"To read, or not to read, that is the question." This was the question posed by the National Endowment for the Arts for a national study about reading habits. The endowment found such a sharp decline of reading that few Americans could recognize Shakespeare's antecedent for the question. If he's awake, somewhere Hamlet is spinning.
Not only are teens and adults reading less, absorbing with shorter attention spans, they're posting diminishing test scores at almost every reading level. Only 9-year-olds are showing better scores, but those are likely to evaporate by the time they're seniors in high school.
Gender gaps abound, and in this one, boys are bested by girls, who score 13 points higher than the boys in the 12th grade. There's more at work here than an inability to sit still. In comparisons with 31 industrial nations, our 15-year-olds rank behind those in Poland, Korea, France and Canada, among others. Poor reading spills over into levels of academic achievement. Poor readers are more likely to drop out of school, are more difficult to employ and more likely to swell prison populations. One of the saddest findings in this report is that nearly half of Americans between the ages of 18 and 24 read no books for pleasure.
While the electronic media is undoubtedly partly responsible, it doesn't have to be that way. I've watched my grandsons, ages 8 and 11, read even more -- and eagerly hurry off to the public library for still more -- after a session with certain electronic games that stimulate their interest in Greek and Roman heroes and American history, particularly the battles of the Civil War and World Wars I and II. Their charter school requires reading homework every night -- for pleasure.
Several studies show that frequent Internet users read more books than those who don't use the Net. The Internet can satisfy an eager child's curiosity, enabling him to check a fact with a couple of clicks to a search engine such as Google, Yahoo or Dogpile.com.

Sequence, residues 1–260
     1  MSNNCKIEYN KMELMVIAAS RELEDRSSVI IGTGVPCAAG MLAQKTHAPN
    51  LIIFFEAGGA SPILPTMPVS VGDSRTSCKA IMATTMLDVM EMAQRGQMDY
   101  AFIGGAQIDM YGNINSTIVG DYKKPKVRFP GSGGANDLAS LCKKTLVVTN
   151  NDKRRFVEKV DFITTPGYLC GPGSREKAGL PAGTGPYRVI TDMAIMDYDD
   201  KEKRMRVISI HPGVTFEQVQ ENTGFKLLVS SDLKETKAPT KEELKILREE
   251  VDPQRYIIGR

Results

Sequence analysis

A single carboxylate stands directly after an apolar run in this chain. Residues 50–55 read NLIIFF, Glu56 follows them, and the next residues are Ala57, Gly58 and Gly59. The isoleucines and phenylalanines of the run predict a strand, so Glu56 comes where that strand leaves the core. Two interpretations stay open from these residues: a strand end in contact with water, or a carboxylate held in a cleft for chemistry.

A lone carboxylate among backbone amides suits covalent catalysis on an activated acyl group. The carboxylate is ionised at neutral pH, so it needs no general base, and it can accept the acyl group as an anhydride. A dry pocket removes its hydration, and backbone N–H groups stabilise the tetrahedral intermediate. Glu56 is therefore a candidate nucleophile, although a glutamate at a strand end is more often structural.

But for all its value, the electronic media is a mixed blessing for readers, especially for those of us who still like holding paper in our hands, to scribble notes in the margins and slip a colorful bookmark between the pages. Is there anything more intellectually satisfying than to open a new book and sniff the perfume of freshly printed pages? We're becoming anachronisms in our own time, soon to be an extinct species as books of paper go the way of hand-illustrated manuscripts.
Bill Hill, a researcher for Microsoft who knows what resistance there is to electronic books, points out their appeal to the ecologically conscious because the paper-and-ink process is "energy-wasting" and "resource-draining." Why chop down all those trees, to mash them into pulp for feeding noisy machines with mere paper? But it's unlikely that environmentalists will campaign to save the traditional book reader. We have none of the cachet of the snail darter.
Like it or not, the habit of reading is about to be revolutionized. A reader-friendly electronic device called Amazon Kindle might well do for books what the Internet has done for music and videos. Kindle is independent of the computer and uses wireless connections akin to those used by cell phone carriers rather than Wi-Fi hot spots. The delivery service is free. "The vision is that you should be able to get any book -- not just any book in print, but any book that's ever been in print -- on this device in less than a minute," Jeff Bezos, the CEO of Amazon, tells Newsweek magazine. "The baby boomers have a love affair with paper. But the next-gen people, in their 20s and below, do everything on a screen."
Traditionalists (like me) react with skepticism and fear of the sort that the monks must have felt, watching their beautiful manuscripts, with the illustrations meticulously done by hand, replaced by the printing press, staining pages with messy black smudges. But once such devices cost considerably less than the Kindle at $399 -- which is sure to come -- the Luddites among us will see there's no turning away from the future. We can envision and encourage a reading revival. The Kindle catalog contains 90,000 books, including many best-sellers, and sell for less than half the cover price at the chain bookstores. Classics cost even less.
Entire libraries are being digitalized, with information organized by categories, making it easier to find authors related to each other by theme, genre and historical era. Instead of asking the question, "To read or not to read?" we'll read new meaning into Miranda's speech in "The Tempest" (only two clicks away):
"How beauteous mankind is! O brave new world,
"That has such people in't!"